Geochemistry Of The Acid Kawah Putih Lake, Patuha Volcano, West Java, Indonesia

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Journal Article: Geochemistry Of The Acid Kawah Putih Lake, Patuha Volcano, West Java, Indonesia

Abstract
Kawah Putih is a summit crater of Patuha volcano, West Java, Indonesia, which contains a shallow, ~300 m-wide lake with strongly mineralized acid-sulfate-chloride water. The lake water has a temperature of 26-34°C, pH=<0.5-1.3, Stot=2500-4600 ppm and Cl=5300-12 600 ppm, and floating sulfur globules with sulfide inclusions are common. Sulfur oxyanion concentrations are unusually high, with S4O62-+S5O62-+S6O62-=2400 - 4200 ppm. Subaerial fumaroles (<93°C) on the lake shore have low molar SO2/H2S ratios (<2), which is a favorable condition to produce the observed distribution of sulfur oxyanion species. Sulfur isotope data of dissolved sulfate and native sulfur show a significant 34S fractionation (ΔSO4-Se of ≥20‰), probably the result of SO2 disproportionation in or below the lake. The lake waters show strong enrichments in 18O and D relative to local meteoric waters, a result of the combined effects of mixing between isotopically heavy fluids of deep origin and meteoric water, and evaporation-induced fractionation at the lake surface. The stable-isotope systematics combined with energy-balance considerations support very rapid fluid cycling through the lake system. Lake levels and element concentrations show strong seasonal fluctuations, indicative of a short water residence time in the lake as well. Thermodynamic modeling of the lake fluids indicates that the lake water is saturated with silica phases, barite, pyrite and various Pb, Sb, Cu, As, Bi-bearing sulfides when sulfur saturation is assumed. Precipitating phases predicted by the model calculations are consistent with the bulk chemistry of the sulfur-rich bottom sediments and their identified mineral phases. Much of the lake water chemistry can be explained by congruent rock dissolution in combination with preferential enrichments from entering fumarolic gases or brines and element removal by precipitating mineral phases, as indicated by a comparison of the fluids, volcanic rocks and lake bed sediment. Flank springs on the mountain at different elevations vary in composition, and are consistent with local rock dissolution as a dominant factor and pH-dependent element mobility. Discharges of warm sulfate- and chloride-rich water at the highest elevation and a near-neutral spring at lower level may contain a small contribution of crater-lake water. The acid fluid-induced processes at Patuha have led to the accumulation of elements that are commonly associated with volcano-hosted epithermal ore deposits. The dispersal of heavy metals and other potentially toxic elements from the volcano via the local drainage system is a matter of serious environmental concern.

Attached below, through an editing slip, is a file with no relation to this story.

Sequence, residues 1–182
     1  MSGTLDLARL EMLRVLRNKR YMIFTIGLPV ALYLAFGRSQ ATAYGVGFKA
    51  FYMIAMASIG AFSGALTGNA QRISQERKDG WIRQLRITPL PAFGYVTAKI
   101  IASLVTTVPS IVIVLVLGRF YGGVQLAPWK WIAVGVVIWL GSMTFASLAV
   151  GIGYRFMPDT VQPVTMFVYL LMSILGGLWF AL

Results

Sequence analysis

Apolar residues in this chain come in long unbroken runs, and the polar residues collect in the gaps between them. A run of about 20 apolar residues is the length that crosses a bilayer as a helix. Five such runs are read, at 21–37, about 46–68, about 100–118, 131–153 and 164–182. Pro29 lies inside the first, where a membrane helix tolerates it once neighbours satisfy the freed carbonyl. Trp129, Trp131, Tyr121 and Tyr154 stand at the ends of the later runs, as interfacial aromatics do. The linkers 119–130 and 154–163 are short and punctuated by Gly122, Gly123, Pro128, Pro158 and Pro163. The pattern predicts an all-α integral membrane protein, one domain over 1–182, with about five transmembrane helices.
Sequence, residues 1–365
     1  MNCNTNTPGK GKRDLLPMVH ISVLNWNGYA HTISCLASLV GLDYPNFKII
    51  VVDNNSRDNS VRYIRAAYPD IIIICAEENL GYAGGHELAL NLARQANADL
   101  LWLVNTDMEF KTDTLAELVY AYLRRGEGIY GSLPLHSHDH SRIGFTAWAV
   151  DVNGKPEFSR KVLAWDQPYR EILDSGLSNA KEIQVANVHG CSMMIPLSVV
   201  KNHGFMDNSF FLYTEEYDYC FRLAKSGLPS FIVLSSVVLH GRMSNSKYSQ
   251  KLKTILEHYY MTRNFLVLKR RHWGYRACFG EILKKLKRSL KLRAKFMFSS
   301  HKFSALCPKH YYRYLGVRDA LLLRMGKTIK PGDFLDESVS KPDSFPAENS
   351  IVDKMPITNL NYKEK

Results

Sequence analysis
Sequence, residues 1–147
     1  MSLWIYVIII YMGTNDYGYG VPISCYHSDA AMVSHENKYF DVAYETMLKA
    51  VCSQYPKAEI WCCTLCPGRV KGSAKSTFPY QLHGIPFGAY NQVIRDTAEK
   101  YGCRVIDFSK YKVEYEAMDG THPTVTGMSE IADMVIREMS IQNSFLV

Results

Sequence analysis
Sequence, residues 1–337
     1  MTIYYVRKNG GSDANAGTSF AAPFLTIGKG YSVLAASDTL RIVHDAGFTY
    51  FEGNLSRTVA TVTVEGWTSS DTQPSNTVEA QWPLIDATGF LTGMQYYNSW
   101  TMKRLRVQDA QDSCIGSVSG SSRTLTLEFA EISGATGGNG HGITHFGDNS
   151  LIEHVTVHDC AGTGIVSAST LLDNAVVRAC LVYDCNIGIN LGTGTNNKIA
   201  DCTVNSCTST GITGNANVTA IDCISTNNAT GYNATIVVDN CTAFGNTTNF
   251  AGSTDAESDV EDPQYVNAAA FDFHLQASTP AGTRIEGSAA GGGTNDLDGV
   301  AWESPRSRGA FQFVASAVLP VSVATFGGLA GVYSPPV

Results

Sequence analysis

Authors 
T. Sriwana, M. J. van Bergen, J. C. Varekamp, S. Sumarti, B. Takano, B. J. H. van Os and M. J. Leng








Published Journal 
Journal of Volcanology and Geothermal Research, 2000





DOI 
Not Provided
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Citation

T. Sriwana,M. J. van Bergen,J. C. Varekamp,S. Sumarti,B. Takano,B. J. H. van Os,M. J. Leng. 2000. Geochemistry Of The Acid Kawah Putih Lake, Patuha Volcano, West Java, Indonesia. Journal of Volcanology and Geothermal Research. (!) .